The Trust says the £1.1 million project will provide sustainable solar power to the hospital, reducing its reliance on conventional energy sources, and lowering its carbon footprint.
The 617 solar panels will reduce carbon emissions by 43.7 tonnes, and save the Trust £75,000, annually, while the electricity generated will reduce the use of grid electricity by 15%.
Craige Richardson, Director of Estates and Facilities, LTHT, said: “The solar canopy at the Wharfedale site exemplifies the Trust’s dedication to both environmental sustainability and the health and wellbeing of the communities we serve. It’s a real positive that the power required to run Wharfedale Hospital will be partly supplied by green energy, especially as the energy demands for the site will increase with the opening of a permanent Elective Care Hub.”
The investment is part of the Trust’s long-term plans to develop services at Wharfedale Hospital, which also includes a proposed £15 m Elective Care Hub, incorporating two new theatres, a recovery area, and an admissions and discharge area, alongside making an existing ward operational overnight.
The Trust claims to have been at the forefront of investing in energy-efficient projects, with a commitment of over £22 million. These projects – including the canopy – have been made possible through successful Public Sector Decarbonisation Scheme bids. The range of initiatives implemented to date includes the installation of heat pumps and LED lighting, building fabric upgrades, and connections to Leeds PIPES, a low-carbon district heating network.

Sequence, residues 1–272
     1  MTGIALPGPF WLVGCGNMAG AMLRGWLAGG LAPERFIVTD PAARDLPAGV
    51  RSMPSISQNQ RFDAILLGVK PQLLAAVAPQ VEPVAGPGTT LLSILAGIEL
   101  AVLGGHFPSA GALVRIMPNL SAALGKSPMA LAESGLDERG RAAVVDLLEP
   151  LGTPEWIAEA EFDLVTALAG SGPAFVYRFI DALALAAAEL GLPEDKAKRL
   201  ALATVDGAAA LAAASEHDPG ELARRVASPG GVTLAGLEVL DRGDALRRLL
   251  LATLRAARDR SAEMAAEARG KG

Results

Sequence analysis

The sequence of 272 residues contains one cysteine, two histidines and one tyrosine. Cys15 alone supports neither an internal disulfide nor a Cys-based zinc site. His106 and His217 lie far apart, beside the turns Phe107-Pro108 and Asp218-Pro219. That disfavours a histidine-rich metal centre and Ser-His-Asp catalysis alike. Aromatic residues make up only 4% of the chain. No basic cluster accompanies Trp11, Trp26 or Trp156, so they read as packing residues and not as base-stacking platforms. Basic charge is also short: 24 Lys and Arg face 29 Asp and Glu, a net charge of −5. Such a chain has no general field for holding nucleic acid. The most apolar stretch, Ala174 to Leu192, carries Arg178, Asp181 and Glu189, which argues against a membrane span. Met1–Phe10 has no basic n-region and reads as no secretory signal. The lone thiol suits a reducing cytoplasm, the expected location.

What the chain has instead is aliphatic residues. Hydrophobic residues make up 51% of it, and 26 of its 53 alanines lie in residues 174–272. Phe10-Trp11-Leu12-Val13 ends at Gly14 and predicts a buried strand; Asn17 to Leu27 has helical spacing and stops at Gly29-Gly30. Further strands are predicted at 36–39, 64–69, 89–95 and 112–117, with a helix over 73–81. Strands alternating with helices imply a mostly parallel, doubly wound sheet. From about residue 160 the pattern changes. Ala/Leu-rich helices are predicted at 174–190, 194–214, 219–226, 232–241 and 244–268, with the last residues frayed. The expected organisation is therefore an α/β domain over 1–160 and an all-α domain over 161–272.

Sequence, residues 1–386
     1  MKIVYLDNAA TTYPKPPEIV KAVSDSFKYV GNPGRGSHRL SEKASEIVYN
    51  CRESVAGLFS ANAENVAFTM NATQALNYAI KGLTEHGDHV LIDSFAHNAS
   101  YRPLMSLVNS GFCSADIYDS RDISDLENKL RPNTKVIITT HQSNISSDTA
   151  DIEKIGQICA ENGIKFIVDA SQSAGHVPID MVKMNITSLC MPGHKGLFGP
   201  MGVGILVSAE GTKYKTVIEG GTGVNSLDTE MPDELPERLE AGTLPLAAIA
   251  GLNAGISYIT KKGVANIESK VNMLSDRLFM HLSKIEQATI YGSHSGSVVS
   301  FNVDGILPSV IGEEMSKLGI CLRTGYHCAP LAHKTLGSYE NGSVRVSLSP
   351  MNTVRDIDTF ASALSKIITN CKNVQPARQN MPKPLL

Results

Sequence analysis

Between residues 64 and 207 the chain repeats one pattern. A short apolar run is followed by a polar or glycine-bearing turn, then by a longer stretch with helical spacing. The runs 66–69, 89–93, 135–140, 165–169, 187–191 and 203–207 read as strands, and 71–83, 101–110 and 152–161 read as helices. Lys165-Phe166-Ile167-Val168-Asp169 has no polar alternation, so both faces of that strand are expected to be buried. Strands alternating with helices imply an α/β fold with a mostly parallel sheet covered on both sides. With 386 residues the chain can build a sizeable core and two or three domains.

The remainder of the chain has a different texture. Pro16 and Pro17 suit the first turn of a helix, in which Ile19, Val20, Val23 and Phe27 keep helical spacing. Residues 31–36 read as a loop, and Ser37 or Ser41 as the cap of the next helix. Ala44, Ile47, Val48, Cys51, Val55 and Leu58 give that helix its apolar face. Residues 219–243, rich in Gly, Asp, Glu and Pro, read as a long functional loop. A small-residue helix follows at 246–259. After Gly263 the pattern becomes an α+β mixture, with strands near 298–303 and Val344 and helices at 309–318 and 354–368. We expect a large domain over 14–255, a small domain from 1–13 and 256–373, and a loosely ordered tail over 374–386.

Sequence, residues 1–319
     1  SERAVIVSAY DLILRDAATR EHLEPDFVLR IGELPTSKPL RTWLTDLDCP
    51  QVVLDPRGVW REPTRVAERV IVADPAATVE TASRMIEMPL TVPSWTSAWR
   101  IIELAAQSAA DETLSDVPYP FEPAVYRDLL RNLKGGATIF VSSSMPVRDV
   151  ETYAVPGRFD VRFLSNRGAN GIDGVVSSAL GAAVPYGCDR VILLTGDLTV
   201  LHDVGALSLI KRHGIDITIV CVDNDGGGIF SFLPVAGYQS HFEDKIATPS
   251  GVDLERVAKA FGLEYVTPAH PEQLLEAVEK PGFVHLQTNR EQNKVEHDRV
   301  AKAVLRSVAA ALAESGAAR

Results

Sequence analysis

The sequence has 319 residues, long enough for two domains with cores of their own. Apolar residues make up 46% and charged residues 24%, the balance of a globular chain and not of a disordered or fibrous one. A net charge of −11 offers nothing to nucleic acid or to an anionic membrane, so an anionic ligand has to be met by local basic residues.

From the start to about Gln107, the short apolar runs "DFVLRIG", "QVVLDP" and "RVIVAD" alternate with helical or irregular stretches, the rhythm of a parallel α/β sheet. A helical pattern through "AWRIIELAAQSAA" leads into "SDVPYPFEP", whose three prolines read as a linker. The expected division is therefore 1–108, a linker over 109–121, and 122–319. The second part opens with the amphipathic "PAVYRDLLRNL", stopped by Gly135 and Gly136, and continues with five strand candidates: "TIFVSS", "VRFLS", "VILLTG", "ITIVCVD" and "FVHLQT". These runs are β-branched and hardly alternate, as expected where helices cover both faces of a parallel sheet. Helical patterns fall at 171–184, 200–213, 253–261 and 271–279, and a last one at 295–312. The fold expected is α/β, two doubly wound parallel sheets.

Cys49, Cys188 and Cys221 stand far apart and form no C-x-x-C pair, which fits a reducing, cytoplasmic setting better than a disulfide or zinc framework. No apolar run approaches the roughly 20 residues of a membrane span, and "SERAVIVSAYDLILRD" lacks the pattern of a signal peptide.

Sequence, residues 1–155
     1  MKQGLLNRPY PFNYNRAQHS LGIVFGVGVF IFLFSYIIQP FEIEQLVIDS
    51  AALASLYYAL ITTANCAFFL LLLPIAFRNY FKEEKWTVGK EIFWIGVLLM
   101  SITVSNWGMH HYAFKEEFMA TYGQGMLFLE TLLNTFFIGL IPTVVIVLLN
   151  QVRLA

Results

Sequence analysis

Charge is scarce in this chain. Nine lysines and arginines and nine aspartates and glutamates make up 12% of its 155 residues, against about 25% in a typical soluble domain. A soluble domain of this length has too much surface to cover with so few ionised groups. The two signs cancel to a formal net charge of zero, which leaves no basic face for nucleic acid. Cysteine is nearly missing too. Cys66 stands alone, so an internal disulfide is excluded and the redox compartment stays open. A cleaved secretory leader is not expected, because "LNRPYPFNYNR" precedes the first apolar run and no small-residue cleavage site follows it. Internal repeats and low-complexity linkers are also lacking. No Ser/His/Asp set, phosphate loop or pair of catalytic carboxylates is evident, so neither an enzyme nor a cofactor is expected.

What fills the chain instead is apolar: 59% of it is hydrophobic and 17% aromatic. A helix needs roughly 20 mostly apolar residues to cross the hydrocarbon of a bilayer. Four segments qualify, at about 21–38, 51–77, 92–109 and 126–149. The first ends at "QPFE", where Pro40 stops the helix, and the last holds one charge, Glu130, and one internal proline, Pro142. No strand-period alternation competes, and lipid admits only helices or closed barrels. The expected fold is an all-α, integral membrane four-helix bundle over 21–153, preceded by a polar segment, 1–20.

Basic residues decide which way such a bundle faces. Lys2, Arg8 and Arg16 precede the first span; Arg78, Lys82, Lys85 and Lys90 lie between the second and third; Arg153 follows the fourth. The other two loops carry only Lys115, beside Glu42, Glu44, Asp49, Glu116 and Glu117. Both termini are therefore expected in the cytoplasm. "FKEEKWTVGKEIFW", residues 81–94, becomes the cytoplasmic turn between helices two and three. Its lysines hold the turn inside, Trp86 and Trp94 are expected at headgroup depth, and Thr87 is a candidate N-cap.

Reid Cunningham, Business Development director – Energy, at BAM, said: “BAM has provided facilities management services at Wharfedale Hospital since 2004, and we’re delighted to have delivered this innovative solar canopy installation that will reduce the hospital’s carbon emissions by 43.7 tonnes per year. Installing the solar canopies above the hospital car park is a fantastic way of harnessing the untapped potential of this space, so that it not only provides a place for staff and patients to park, but also provides clean, renewable energy for the building.”
Mila Lopez Simon, Managing Director, UK&I at Invesis, added: “We are proud to have supported the Trust in delivering the solar photovoltaic canopy. As investor-developers, we will continue to support the Trust by fostering positive, collaborative relationships, and through the efficient delivery of future variations and management services, which will play a role in helping the Trust achieve its long-term Net Zero objectives.”